SIEGEL: The question is, who's being most authentic about it, more so than what do they stand for?

BROOKS: Right. Though, I think you could say, even if they are faking it, the entire Republican Party is in favor of those things so that president will do those things. And the question is how committed. To me, the big thing that happened this week is Mitt Romney decided he was in a knife fight and he was going to pull out a knife. And that's what really impressed a lot of professional politicians, a lot of people in the Romney campaign.

He decided, I'm not going to lose to that guy. I'm going to be as savage as I need to be and, God knows, he was.

SIEGEL: E.J., I want to ask you about something that Newt Gingrich says often. As Democrats delight in the Republican fratricide and delight in the possibility of a Gingrich candidacy, it seems, he keeps on saying, hey, Ronald Reagan was 30 points back a year before the 1980 election. I'm now back, too, but I'll do what he did. Does he possibly have a point?

DIONNE: Well, I think every Democrat and liberal ought to be careful and remember that, but I think that a lot of people doubt that Newt Gingrich is Ronald Reagan. And so - but be careful what you wish for. Just on what David said, I think he is very charitable to the Republicans. Most of them really want to slash the revenue going to the federal government and so it will be very hard to have the kind of careful balance that David rightly talks about all the time.

I am struck with how whatever they are actually for is being lost in all these attacks. And I think it's a real problem in Florida. Florida is a state the Republicans really want to win and to have all these terrible ads up on the air just can't help them for the fall. Maybe it'll go away but it's not very good for them now.

SIEGEL: David, you spoke of political professionals. Those are people who sometimes are intended when people speak of an establishment. I've heard many references to the Republican establishment about - that supposedly supports Mitt Romney. Is there a Republican Party establishment?

BROOKS: No. Right now, the establishment - the definition is that somebody who actually knows something about Newt Gingrich.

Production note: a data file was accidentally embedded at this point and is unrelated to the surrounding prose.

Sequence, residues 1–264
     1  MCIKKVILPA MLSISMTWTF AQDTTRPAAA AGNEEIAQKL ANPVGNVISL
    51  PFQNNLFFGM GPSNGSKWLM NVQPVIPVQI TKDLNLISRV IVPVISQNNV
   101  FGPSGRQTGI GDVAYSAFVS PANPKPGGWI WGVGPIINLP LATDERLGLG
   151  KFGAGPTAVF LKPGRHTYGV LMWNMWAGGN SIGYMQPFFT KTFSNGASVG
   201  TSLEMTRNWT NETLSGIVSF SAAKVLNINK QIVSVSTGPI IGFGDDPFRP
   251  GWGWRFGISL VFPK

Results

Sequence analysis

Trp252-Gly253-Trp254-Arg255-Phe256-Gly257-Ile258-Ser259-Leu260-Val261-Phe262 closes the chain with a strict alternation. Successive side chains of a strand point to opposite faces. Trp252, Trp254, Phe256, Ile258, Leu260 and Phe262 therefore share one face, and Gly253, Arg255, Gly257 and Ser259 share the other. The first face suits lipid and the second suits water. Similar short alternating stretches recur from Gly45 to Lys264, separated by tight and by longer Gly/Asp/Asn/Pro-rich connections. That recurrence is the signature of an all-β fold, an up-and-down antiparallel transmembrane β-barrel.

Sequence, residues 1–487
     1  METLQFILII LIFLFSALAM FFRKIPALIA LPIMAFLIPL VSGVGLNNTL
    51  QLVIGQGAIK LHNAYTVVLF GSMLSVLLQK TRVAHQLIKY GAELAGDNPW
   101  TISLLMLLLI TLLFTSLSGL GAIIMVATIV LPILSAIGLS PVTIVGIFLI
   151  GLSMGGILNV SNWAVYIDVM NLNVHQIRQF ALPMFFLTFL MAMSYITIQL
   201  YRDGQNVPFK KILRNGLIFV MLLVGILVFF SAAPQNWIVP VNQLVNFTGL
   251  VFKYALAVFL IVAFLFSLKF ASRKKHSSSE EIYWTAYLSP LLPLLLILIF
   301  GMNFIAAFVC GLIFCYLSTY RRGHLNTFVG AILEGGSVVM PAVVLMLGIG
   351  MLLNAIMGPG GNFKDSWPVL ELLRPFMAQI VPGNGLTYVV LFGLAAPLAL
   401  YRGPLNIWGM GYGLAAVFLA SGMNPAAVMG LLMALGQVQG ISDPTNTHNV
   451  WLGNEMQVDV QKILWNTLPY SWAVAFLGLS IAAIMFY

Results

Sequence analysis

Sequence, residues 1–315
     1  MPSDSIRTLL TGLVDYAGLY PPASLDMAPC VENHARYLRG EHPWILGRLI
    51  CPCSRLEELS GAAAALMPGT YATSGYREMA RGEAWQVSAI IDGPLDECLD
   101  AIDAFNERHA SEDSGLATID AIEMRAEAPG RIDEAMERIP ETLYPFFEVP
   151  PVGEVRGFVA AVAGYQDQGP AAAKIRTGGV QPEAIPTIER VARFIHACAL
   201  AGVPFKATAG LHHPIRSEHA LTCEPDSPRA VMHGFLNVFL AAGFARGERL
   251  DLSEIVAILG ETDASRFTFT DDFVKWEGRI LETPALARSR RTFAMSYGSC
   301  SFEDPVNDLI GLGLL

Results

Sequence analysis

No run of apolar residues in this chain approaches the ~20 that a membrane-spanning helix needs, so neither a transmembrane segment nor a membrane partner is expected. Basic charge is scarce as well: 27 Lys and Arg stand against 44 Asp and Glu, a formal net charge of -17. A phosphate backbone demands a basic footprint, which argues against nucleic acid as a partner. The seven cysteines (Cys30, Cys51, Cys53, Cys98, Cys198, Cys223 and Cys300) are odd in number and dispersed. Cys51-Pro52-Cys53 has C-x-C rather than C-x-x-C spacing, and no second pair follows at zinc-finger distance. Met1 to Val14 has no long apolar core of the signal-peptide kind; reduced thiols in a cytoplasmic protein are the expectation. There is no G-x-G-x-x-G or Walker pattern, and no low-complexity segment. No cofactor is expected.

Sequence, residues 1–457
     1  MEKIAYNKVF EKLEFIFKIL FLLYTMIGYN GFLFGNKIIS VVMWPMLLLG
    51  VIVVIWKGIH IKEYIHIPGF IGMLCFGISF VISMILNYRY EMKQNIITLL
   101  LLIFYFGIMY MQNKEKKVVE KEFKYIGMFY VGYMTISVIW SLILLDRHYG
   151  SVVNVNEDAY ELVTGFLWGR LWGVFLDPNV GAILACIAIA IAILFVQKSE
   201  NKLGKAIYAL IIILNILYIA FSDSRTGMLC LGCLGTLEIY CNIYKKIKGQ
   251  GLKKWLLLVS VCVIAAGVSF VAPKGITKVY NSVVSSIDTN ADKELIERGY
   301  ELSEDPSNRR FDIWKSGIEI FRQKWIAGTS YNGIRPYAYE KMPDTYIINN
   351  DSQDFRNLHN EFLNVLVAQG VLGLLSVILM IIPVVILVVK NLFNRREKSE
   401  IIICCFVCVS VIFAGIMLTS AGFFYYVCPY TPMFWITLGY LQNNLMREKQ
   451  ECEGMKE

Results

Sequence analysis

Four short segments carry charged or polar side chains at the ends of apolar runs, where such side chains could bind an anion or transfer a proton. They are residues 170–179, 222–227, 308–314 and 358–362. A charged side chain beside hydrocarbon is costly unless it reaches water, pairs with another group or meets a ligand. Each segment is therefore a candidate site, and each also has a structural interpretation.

(SOUNDBITE OF LAUGHTER)

BROOKS: And those people really don't like him. And so, they served with him. They worked for him. Look at what he did this week. He's in the most important political week of his life. He gives a speech about whether we should have statehood on the Moon. This is not a guy...

SIEGEL: (unintelligible) the colony has been established.

BROOKS: Yeah, after the colony has been established. This is not a guy with a firm grip on how to be a disciplined leader and we saw it this week. And it's weird in the debate. He couldn't attack Mitt Romney 'cause it's hard for him to stop talking about himself. And so, he's just not a great candidate. So that's the establishment people know about.

SIEGEL: E.J., is the concept of a party establishment still germane?

DIONNE: Maybe it will be on Newt's Moon. I mean, I think that David is right, that the establishment right now are all the people who've worked with Newt Gingrich. And I am also struck by his lack of discipline. I mean, he came on really strong - did, you know, a heck of a job in South Carolina.

And now, he can't stop talking about Saul Alinsky, a name that probably means more to people on the left who like him than people on the right who've never heard of him. And this Moon idea might work a little bit. I mean, after all, the space program is headquartered in Florida. But it's a lack of discipline that strikes you once again about Newt.

SIEGEL: On that note, E.J. Dionne, David Brooks, thanks to both of you.

BROOKS: Thank you.

DIONNE: Thank you.

Copyright © 2012 NPR. All rights reserved. No quotes from the materials contained herein may be used in any media without attribution to NPR. This transcript is provided for personal, noncommercial use only, pursuant to our Terms of Use. Any other use requires NPR's prior permission. Visit our permissions page for further information.

NPR transcripts are created on a rush deadline by a contractor for NPR, and accuracy and availability may vary. This text may not be in its final form and may be updated or revised in the future. Please be aware that the authoritative record of NPR's programming is the audio.

Comments

 

Please keep your community civil. All comments must follow the NPR.org Community rules and terms of use, and will be moderated prior to posting. NPR reserves the right to use the comments we receive, in whole or in part, and to use the commenter's name and location, in any medium. See also the Terms of Use, Privacy Policy and Community FAQ.